The International Bar Association says that the U.N. Security Council should ask the International Criminal Court to investigate Zimbabwean President Robert Mugabe for crimes against humanity. VOA's Delia Robertson reports from our bureau in Johannesburg.
International Bar Association Executive Director Mark Ellis says he has been calling for an investigation of Mr. Mugabe by the International Criminal Court for four years.
"During the past four years the atrocities that have been committed against Zimbabwean citizens have increased dramatically and so there is even more of a reason for an investigation to be started today," he said.
Ellis tells VOA that under international law, crimes against humanity are those carried out as an element of a systematic and widespread attack against a civilian population and include killings, rape, torture, displacement and the abuse of food, housing and medical care to punish opponents of a government.
He says that this is what has been happening in Zimbabwe.
"So all of these acts have been committed, I think it is quite clear that these acts have been committed," he said. "There is evidence to suggest that this has been going on for a number of years and Mr. Mugabe, at a minimum, is complicit in these acts because he is the head of state."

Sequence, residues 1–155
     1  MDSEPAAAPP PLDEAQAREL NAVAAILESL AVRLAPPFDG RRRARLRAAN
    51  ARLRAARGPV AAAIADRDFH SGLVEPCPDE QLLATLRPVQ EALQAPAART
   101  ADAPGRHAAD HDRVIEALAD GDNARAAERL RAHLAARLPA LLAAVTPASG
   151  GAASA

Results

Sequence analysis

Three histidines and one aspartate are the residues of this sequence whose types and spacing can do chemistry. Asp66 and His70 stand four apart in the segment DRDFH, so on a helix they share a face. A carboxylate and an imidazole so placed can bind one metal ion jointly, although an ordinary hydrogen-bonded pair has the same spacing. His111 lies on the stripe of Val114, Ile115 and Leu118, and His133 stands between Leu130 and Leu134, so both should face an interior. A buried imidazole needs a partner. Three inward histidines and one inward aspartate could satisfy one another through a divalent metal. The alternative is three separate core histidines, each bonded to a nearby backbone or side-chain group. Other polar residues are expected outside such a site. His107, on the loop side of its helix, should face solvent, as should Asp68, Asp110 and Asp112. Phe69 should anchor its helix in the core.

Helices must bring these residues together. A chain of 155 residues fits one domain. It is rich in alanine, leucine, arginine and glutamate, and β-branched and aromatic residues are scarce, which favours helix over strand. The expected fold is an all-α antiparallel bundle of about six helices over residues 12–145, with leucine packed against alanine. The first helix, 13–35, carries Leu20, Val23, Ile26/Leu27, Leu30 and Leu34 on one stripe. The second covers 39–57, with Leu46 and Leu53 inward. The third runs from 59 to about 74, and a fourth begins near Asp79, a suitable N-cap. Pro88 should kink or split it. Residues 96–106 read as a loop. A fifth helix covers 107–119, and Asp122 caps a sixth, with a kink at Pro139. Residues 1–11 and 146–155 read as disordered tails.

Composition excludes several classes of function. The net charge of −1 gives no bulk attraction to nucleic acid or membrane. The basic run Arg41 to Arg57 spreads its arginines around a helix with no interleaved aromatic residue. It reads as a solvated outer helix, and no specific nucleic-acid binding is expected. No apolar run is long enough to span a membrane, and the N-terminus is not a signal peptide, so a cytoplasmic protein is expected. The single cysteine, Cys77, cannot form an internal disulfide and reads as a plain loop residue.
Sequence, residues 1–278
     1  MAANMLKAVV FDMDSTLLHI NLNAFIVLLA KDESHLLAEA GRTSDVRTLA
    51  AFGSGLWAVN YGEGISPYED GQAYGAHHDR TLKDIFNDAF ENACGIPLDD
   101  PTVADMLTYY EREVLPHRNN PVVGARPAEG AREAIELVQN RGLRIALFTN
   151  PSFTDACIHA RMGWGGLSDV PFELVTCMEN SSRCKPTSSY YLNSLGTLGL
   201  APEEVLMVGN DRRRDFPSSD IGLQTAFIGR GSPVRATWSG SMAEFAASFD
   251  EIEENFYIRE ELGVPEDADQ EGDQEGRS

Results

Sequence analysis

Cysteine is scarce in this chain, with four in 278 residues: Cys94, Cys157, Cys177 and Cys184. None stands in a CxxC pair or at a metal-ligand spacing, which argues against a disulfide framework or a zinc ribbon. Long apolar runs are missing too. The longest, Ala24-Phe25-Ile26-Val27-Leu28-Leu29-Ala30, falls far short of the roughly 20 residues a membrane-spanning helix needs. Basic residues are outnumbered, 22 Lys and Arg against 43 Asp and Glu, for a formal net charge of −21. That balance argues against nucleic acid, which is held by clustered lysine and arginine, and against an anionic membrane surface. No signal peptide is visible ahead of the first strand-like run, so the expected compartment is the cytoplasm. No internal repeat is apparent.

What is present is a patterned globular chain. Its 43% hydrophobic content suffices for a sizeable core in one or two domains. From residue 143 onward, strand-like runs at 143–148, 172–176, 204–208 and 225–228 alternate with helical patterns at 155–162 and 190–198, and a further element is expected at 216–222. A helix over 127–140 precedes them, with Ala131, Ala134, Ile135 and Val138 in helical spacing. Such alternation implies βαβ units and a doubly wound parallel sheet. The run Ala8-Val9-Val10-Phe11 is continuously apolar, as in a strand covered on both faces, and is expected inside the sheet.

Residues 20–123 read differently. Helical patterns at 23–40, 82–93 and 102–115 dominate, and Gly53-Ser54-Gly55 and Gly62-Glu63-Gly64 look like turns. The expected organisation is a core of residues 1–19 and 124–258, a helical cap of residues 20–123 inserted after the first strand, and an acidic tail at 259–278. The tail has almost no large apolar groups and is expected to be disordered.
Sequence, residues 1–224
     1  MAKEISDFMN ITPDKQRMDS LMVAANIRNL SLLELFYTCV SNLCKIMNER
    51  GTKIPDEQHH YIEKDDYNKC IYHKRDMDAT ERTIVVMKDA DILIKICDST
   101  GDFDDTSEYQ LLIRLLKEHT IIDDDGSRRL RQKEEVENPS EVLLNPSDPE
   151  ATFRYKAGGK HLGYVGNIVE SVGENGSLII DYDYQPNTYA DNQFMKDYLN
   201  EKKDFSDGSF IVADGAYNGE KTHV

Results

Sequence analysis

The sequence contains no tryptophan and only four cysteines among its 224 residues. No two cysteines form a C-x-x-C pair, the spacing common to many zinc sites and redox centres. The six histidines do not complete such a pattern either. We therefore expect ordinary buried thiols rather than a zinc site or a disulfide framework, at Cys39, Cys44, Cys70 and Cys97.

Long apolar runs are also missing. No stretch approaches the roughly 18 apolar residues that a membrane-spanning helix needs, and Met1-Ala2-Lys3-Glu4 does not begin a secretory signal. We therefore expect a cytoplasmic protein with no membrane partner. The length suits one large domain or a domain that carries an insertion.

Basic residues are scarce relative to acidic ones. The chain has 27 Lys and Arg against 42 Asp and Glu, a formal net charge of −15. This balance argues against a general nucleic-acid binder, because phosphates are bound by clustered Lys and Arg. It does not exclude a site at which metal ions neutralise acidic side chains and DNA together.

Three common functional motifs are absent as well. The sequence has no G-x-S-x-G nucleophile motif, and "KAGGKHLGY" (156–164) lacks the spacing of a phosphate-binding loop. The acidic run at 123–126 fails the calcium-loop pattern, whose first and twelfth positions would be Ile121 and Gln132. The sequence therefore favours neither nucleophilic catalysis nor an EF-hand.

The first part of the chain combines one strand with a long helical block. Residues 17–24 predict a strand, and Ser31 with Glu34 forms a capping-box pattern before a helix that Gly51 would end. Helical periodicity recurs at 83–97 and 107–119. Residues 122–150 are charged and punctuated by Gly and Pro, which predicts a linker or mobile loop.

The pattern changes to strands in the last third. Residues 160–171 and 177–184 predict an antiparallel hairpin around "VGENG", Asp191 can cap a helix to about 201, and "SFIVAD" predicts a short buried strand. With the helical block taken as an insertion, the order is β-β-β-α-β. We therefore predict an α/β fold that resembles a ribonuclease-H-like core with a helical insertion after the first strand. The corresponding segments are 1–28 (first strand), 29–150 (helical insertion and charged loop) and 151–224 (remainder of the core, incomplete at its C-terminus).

Zimbabwe is not a signatory to the so-called Rome Statute, the enabling international law that brought the Court into being. Consequently, the only way an investigation can be launched by the court, is for the Security Council to request it.
The International Bar Association was founded in 1947 and has 30,000 member lawyers that represent 200 bar associations and law societies from across the globe. It has conducted a number of programs to promote the rule of law and support lawyers in Zimbabwe.
Ellis was prompted to make his latest call following recent widespread violence in Zimbabwe that independent rights organizations say is being perpetrated by the ruling ZANU-PF with the support of the security forces. Those being targeted say they are suspected of voting for the opposition Movement for Democratic Change in March elections.
Mr. Mugabe rejects the allegations.
The Security Council has not asked the ICC to investigate charges against Mr. Mugabe and his government, but Ellis says members took an important first step when it added Zimbabwe to the council agenda.
Ellis says this sends a message to Zimbabweans that the international community recognizes their suffering.
Last month Nobel Peace Laureate Desmond Tutu urged Mr. Mugabe to step aside, saying it would give him an opportunity to leave office with some dignity intact and perhaps prevent international legal steps against him.